The Normal Eye

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The normal eye

The normal eye

The eye is a delicate and complicated biological camera. Everything we see in the world about us reflects light into the eye, the light is focused onto the back of the eye, and the pattern of that light relayed to the brain where the message is interpreted to create vision. The eye is protected by the skull and orbit, and by the eyelids, conjunctiva and tear film; eye movements are generated by contraction of muscles attached to the bony walls of the orbit.


This consists of skin, semi-rigid fibrous tarsal plate, glandular tissue and eyelashes, and lined internally by conjunctiva. This protects and lubricates the surface of the eye. The main tear gland (lacrimal gland) sits under the outer part of the upper lid.


This is a fine translucent membrane that covers the surface of the eye and is reflected back onto the eyelids (so that foreign bodies such as grit or contact lenses on the front of the eye cannot move back behind the eye). It is very sensitive, and is important in protection of the eye against infection.


The cornea is the transparent front portion of the eye. It needs to be clear and have a normal curved shape to focus light accurately and provide good vision. The cornea owes its transparency to the presence of a regular lattice structure of collagen fibres. Anything which affects this regularity results in loss of the transparency which is essential for good corneal function and health.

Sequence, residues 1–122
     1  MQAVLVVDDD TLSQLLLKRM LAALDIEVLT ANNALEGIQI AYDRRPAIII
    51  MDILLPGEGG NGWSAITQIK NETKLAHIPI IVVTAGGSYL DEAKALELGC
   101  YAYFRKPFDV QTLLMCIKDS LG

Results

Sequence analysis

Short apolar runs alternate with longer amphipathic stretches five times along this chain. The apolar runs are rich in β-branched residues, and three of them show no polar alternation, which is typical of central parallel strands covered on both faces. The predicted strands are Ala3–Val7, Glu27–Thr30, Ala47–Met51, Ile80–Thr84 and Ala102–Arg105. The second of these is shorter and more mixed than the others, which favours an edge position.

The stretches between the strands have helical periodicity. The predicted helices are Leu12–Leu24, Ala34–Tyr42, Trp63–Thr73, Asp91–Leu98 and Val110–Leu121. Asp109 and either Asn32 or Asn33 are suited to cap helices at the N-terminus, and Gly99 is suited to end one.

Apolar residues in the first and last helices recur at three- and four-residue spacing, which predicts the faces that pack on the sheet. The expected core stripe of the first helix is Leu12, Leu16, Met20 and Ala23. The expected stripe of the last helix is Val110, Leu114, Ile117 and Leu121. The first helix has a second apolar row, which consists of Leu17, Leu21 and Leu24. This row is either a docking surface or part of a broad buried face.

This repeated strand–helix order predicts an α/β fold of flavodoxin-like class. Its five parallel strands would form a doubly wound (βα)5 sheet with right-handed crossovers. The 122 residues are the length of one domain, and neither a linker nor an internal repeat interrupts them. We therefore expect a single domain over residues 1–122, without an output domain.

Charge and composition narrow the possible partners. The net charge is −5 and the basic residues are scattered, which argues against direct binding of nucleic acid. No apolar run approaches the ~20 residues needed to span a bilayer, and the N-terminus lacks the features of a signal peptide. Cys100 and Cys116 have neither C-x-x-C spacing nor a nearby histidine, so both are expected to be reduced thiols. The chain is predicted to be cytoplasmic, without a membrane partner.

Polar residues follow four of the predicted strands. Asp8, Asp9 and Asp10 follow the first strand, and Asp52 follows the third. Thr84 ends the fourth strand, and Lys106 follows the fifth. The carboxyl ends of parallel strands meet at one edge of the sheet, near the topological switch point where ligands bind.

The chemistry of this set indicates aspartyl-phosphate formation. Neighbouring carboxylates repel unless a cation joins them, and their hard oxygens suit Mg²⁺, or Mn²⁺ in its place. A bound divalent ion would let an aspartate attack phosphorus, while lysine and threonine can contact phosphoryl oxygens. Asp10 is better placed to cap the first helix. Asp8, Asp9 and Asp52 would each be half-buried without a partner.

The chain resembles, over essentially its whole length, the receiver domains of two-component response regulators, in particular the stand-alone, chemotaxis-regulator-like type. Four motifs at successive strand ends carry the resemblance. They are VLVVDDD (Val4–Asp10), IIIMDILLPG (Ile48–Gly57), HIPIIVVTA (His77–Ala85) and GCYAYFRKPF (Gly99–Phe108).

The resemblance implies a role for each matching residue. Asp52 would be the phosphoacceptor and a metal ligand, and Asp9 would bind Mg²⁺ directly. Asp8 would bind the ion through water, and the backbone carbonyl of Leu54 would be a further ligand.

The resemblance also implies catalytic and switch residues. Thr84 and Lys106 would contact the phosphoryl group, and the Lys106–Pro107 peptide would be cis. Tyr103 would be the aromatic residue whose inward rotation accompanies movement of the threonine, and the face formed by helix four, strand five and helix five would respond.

The Sclera

The sclera is the relatively inert, tough fibrous tissue that forms the outer coat of the eye, and provides most of its strength.


The iris is a flattened doughnut of muscle that acts as an expanding and contracting diaphragm, controlling the amount of light entering the inside of the eye. It contracts in bright light and expands in dim light.

Trabecular Meshwork

This is a narrow strip of tissue in the angle between the outer part of the iris and the cornea. It is involved in drainage of fluid from the inside of the eye, failure of which may lead to glaucoma.

Ciliary Body

The ciliary body forms the base of the iris and has two functions. It produces the fluid (aqueous humour) that circulates within the eye and supports the suspensory ligament that in turn supports the lens.

The Choroid

The choroid is the extension of the iris and ciliary body around the back of the eye. It is very vascular and contributes to the nutrition of the other parts of the eye.


The lens (crystalline lens) fills the pupil, sitting just behind the iris. It contributes approximately one third of the eyes focussing power. It is loss of the ability of the lens to alter its shape that leads to the need for reading glasses from 45-50 years of age onwards. Cataract occurs when the lens loses clarity, again usually associated with increased age, and may require cataract extraction with intraocular lens implantation.

Vitreous Humour

The Vitreous fills the inside of the eye behind the lens, and is important in development of the eye. In adult life the vitreous is passive, allowing light through to the retina, but may become involved in diseases of the retina.


The retina is like the film in a camera. It consists of millions of nerve cells that respond to light, sending electrical signals along fine nerves that then travel to the brain in the optic nerve.

Optic Nerve

The optic nerve is in fact a bundle of around a million nerve fibres, 1.5mm across where it leaves the eye, and surrounded by protective coats to form a 3mm diameter nerve that passes from the back of the eye, through a gap at the back of the orbit and into the brain.